We provide a focus for liberal religious worship and reflection and a centre of fellowship for people of religious sentiment.
|Bury Unitarian Church|
will also be
held on "Zoom" at 2.00 pm on each Sunday afternoon until further notice
and Documented Services will be distributed to congregation members who
are unable to join the zoom meetings
Here is the most recent on-line service
Sunday June 6th 2021
Disturb us, O God: a service-at-home.
We currently meet to worship together on Zoom at 2pm on Sundays. If you would like to join us, we would love to see you. Everyone is welcome, no matter what.
The meeting id is 849 7456 6116.
If you have a candle, you are invited to bring it with you to light at the beginning of the service.
And after the service, we gather again for tea, coffee, and conversation. We’d love it if you wanted to stay for that.
We are also holding services in church at 11.15am on Sundays. If you would like to join us for a shorter-than-usual, socially distanced service we would love to see you.
As we light these candles, we open ourselves to worship today. May this time of peace and joy bring us calm, and gladden our hearts. May this time of challenge awaken our courage. Apart in body, we gather in spirit.
Hymn: We do not seek a shallow faith
We do not seek a shallow faith
A God to keep us free
From trial and error, harm and death,
Wherever we may be.
For none can live and not grow old,
Nor love and not risk loss:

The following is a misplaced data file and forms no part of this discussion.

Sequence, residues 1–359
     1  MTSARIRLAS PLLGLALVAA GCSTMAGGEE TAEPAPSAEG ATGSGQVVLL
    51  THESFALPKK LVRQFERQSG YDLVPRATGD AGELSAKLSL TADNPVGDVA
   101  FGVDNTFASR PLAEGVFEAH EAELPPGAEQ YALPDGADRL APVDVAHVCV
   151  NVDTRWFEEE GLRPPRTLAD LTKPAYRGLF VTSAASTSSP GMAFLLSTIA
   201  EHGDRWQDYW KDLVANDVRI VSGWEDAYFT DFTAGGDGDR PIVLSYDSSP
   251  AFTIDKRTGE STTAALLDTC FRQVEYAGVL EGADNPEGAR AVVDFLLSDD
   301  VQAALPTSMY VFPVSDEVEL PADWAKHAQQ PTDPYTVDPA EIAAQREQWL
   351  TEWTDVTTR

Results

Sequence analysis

Though life brings raptures manifold,
Each one must bear some cross.
When future days seem but a mass
Of menace more than hope,
We pray not for the cup to pass,
But strength that we may cope.
God grant us faith that when some ill
Unwonted comes our way,
Deep in our hearts, thy Spirit will
Give power to win the day.
And if from fear of pain or strife,
Calm peace we cannot win,
Then give us faith to trust thy Life
The Lord’s Prayer:
You are invited to say, or sing, the Lord’s Prayer, knowing that other members of our congregation are saying it along with you, in their own homes.
I asked for strength that I might achieve;
I was given poverty that I might be wise.
Attributed to an anonymous soldier.
There is a popular saying, attributed to several different people, that the purpose of a church is to comfort the afflicted and to afflict the comfortable.
I don’t think anyone would have any arguments against the church being here to provide comfort to the afflicted. When life hurts, when there is sorrow and grief and confusion, it is absolutely the role of the church to bring comfort and to ease the path through that pain. We all know that, and we have all, I hope, found that it works. When we are hurting we pray – understandably – for comfort.
But we might find the second bit rather more difficult to swallow. Which of us really wants, when things are going well and when our lives are comfortable, to be made aware of anything outside that little bubble of comfort? How often do we ask that our lives might be made a bit more complicated? That we might experience turbulence? That we might be troubled? That our challenges might be set a little higher?
There is a famous prayer, allegedly by Sir Francis Drake, which does ask for just that. It asks that when we’re comfortable because we haven’t risked enough, or when we’re safe because we haven’t gone far enough, God disturbs us and asks us for more.
It’s a prayer which challenges me considerably – which is, I suppose, its intent! Because I like my comfortable life. There is no shame in admitting that we like the many blessings we’ve been given. There is nothing wrong in acknowledging our luck and in wanting it to remain. Every week at Bury, after all, we pray to be given ‘our daily bread’, knowing, I think, that we currently receive much more than that.